Confessions of a Talkative Female

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I didn’t expect these doors to upset me as much as they did. I mean, cliché fonts and misspellings do normally upset me, so I was prepared for that. But I wasn’t prepared for a huge wave of insecurity over the age-old stereotype that women talk more than men.

Look, I do my best to smile thinly at gender stereotypes and move on. Most of the time I can rant underneath my public face about how I know half a dozen women who aren’t like that and how no guy I know would ever say this.

But this time the gender stereotype cuts too close to home. I talk a lot. I do. And I’ve always felt insecure about it — particularly when it came to my relationship with Erich.

We could have been the inspiration for this stereotype. Erich can sit in silence for days. The only reason he doesn’t is because, if he fails to respond within one minute, I wail about how he doesn’t love me anymore. To which he says, “Huh, no, I love you,” with that exact inflection, and I say, “See?” and we carry on with that topic for awhile until I realize that he doesn’t require normal human conversation to sustain existence.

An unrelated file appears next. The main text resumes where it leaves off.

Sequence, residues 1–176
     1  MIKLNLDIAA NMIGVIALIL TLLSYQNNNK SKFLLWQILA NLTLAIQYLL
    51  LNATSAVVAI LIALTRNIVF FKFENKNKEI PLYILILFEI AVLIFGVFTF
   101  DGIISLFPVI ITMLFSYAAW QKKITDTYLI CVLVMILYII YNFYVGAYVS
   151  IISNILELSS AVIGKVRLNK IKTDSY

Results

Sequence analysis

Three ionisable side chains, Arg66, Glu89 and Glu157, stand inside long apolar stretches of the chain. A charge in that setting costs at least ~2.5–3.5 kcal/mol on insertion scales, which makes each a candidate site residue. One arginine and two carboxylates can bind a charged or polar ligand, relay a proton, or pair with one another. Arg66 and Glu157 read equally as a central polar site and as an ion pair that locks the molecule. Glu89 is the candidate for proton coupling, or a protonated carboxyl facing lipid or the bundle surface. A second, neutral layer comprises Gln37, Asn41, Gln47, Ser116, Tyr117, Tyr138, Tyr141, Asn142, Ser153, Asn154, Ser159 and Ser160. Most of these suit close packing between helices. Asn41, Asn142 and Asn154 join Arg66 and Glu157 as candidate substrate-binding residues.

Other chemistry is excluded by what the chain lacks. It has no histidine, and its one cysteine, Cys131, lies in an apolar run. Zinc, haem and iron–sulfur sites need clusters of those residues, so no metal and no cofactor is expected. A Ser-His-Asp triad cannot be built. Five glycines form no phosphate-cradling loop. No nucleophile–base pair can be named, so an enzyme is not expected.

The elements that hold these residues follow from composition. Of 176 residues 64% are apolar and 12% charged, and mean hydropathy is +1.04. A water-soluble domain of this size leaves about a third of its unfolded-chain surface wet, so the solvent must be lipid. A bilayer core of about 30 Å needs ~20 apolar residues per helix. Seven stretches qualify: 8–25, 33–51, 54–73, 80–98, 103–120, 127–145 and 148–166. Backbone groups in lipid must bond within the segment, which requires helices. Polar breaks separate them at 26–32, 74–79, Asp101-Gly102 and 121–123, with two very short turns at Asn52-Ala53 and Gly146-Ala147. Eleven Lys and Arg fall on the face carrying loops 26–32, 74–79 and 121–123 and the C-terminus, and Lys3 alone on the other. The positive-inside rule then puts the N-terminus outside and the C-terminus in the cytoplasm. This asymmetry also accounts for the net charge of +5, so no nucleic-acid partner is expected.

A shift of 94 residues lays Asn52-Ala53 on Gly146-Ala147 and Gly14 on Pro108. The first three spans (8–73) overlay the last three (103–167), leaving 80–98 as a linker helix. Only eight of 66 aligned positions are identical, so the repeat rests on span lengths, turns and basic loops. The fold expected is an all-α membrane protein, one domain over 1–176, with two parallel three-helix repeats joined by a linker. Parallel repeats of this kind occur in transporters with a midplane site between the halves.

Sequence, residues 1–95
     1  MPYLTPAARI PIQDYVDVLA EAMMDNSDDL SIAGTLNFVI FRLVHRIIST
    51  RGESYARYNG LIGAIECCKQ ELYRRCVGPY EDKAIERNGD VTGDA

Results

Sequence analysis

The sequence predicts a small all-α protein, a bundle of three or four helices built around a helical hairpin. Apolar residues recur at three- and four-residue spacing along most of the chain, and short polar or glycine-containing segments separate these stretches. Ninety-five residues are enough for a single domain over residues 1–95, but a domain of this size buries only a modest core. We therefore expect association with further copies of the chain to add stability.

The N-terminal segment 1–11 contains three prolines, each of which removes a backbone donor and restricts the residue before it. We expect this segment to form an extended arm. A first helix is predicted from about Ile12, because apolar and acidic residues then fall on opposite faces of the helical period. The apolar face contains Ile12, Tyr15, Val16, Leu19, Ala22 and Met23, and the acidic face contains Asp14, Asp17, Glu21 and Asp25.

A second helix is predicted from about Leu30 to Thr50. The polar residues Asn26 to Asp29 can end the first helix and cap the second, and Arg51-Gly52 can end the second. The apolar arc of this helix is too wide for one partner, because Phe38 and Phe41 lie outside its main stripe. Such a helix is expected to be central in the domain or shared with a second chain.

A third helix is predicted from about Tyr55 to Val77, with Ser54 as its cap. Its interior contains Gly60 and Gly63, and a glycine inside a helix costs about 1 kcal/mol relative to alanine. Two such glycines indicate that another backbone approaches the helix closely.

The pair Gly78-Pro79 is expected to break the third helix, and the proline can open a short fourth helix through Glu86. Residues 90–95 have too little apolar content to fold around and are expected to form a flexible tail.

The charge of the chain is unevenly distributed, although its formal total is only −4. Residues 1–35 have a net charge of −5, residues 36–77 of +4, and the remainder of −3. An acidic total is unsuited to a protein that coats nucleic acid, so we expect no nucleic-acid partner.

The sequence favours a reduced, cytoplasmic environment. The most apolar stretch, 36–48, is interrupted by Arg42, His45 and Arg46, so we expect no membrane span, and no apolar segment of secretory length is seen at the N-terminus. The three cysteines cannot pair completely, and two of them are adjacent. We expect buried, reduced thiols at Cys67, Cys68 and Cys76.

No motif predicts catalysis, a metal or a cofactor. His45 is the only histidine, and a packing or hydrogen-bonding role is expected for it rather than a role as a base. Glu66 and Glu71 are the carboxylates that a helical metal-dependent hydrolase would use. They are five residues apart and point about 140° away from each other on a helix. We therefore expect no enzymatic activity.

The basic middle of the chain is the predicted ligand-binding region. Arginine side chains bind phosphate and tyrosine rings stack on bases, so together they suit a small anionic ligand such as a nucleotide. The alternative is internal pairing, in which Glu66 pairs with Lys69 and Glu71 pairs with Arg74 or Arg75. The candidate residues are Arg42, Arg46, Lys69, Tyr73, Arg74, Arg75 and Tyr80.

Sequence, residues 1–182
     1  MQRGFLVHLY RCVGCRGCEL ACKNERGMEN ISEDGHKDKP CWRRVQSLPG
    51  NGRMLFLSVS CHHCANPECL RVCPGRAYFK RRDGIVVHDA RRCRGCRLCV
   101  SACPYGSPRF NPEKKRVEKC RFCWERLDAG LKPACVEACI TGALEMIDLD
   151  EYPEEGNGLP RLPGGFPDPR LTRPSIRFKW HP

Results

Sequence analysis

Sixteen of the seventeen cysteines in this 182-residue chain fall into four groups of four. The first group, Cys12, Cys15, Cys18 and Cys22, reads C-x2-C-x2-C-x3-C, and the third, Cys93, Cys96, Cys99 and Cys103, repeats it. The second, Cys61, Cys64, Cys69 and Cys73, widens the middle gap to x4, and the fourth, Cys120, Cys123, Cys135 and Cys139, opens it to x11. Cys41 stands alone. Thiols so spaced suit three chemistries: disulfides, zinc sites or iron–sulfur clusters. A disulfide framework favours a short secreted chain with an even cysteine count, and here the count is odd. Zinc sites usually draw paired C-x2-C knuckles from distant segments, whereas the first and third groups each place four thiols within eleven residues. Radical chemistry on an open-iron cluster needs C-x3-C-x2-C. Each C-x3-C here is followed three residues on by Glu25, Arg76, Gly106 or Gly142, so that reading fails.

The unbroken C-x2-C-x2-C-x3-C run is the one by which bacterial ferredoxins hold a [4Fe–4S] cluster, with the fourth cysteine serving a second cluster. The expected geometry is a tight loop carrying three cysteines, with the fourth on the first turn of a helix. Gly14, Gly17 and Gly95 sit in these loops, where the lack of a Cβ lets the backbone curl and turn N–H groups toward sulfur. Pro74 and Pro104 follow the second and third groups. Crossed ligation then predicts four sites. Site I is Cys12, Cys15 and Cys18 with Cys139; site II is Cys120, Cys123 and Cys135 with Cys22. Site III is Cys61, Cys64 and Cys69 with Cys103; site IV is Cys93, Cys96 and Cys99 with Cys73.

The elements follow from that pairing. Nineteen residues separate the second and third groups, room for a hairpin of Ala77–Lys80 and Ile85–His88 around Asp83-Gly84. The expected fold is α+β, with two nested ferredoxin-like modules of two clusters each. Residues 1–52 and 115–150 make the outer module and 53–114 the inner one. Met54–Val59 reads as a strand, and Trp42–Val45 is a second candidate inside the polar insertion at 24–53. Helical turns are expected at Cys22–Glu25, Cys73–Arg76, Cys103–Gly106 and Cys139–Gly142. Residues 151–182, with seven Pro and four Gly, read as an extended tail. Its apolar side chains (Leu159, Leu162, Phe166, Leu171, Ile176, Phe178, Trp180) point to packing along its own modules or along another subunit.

Me? I talk to myself. In the mirror. In the shower. In the car. Out loud.

Erich has only commented on this once, early on in our marriage, where I took a particularly long shower and decimated bad theology in one go. “Are you talking to yourself?” he called from a room away.

“No,” I called back, and whispered the rest of the conversation to myself.

Talkative people get a bad rap in general — people who prattle on and on as if their companion is listening (or cares), whole “conversations” where only one person is relaying all the movies they’ve watched in the past year (in detail) and the other person smiles and nods until they realize their smiles are turning into yawns and their nodding is turning narcoleptic.

I remember tag-teaming such conversations with friends. We’d decide through subtle eye movements whose turn it was to smile and nod and who could safely make up an excuse and walk away.